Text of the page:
I suppose I should pause the narrative for a moment and do a quick post on Malaysian food.
You may recall my Thai Food post, in which I raved about the spectacular taste, diversity, availability, and rock-bottom prices of eating out in Thailand. So what about Malaysia, just South of the border?
Malaysian food has a reputation of being fantastic – and that’s little surprise considering the mishmash of cultures that make up the country. There are native Malays, ethnic Chinese, and Indians; remnants of periods under the Dutch, Portuguese, and British; minority communities from Thailand and Laos; a seemingly endless supply of flavors and influences.
And while this has indeed led to a colorful array of offerings, I was surprised to find that on a whole, I still didn’t like it nearly as much as in Thailand.
Many Chinese-style dishes, delicious though they may be, take so much work picking through the gristle and bone as to make them barely worth the effort. Indian dishes, bursting with flavor and spice, are often pre-made and sitting in troughs – which guidebooks specifically advise against (buffet-style meals are probably the easiest way to assure food-bourne illness). And slightly rarer Nonya dishes seem nearly always expensive; great for a sample but a bit much to live off of exclusively.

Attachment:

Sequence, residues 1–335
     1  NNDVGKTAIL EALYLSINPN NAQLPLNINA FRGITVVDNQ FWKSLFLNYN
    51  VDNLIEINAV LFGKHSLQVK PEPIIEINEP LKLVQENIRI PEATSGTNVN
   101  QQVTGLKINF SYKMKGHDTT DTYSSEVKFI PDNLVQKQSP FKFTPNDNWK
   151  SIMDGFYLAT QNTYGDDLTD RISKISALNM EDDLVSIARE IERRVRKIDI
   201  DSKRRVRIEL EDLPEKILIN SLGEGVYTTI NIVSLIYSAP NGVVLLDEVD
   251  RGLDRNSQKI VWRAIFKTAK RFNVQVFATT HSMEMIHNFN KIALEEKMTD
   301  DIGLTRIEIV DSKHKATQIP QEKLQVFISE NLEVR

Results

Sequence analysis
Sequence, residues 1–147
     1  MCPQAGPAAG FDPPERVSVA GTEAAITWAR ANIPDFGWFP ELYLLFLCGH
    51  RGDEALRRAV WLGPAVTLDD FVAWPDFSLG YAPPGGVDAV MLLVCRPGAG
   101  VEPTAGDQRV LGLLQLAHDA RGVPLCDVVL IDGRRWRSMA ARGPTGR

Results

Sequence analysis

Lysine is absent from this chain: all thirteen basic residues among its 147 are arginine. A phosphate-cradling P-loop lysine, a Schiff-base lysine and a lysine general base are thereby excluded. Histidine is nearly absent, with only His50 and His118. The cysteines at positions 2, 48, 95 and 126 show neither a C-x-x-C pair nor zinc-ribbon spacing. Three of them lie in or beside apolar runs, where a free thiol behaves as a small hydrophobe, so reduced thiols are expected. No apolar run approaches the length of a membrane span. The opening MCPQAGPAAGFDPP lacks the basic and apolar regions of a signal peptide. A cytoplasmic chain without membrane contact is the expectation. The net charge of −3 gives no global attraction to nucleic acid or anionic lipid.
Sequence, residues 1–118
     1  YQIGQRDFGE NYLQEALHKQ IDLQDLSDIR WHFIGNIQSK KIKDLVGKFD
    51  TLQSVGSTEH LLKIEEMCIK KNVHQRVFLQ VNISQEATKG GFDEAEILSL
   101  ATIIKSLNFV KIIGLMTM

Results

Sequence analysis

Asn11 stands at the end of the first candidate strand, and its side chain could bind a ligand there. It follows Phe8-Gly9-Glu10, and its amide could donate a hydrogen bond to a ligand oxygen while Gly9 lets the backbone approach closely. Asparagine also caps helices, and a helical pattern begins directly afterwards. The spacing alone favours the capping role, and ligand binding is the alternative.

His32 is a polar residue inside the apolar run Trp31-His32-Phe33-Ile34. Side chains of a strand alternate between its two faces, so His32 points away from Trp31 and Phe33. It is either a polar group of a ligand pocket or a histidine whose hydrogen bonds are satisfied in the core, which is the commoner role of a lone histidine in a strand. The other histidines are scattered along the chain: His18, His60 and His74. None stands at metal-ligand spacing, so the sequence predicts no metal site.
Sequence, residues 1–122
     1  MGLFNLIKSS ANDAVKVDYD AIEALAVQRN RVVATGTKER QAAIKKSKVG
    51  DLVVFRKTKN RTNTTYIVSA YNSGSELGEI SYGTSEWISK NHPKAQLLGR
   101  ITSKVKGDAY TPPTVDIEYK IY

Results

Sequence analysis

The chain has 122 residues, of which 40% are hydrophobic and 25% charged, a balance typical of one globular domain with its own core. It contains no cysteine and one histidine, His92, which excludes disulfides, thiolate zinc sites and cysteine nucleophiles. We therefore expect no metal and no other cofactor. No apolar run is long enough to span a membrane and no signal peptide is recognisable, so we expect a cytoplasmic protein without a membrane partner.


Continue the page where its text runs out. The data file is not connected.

The result is that after trying each dish once or twice, I find myself generally reverting to just a few trusted favorites: tandoori chicken, the always-available Roti, and a few noodle concoctions from my nearest mall food court. After awhile – for the first time since leaving home – I’m even finding myself resorting to snacks from the supermarket.
(I should mention that food courts in Asia are *not* like those in the West; they’re more or less “collections of slightly higher-standard local eateries” rather than “big International chains.” Each booth has a specialty; noodle dishes, rice dishes, soup, porridge, dessert, etc. Only slightly more costly than food on the street, this provides a conveniently centralized place to try almost anything – all with clearly marked prices and point-and-choose menus. Even paying is easy: you buy these “prepaid coupons” at one central register, then exchange those for the actual meal.)
Anyway, as I near the end of my trip through Malaysia one of the things I find myself most looking forward to is a change in cuisine. And I’m not the only one; at least six different travelers I’ve met have specifically mentioned similar opinions. “Malaysian food is alright,” they agree, “but it does get repetitive…and can’t hold a candle to Thai!”
(…with just one exception: Cendol. Incredibly, my very favorite dish – err, dessert – is perhaps the only one I never photographed. And although it may look like green worms in puke (see here), I assure you that it tastes just amazing. Shaved ice with coconut milk, jelly noodles, red sweet beans, and palm sugar. Yum!)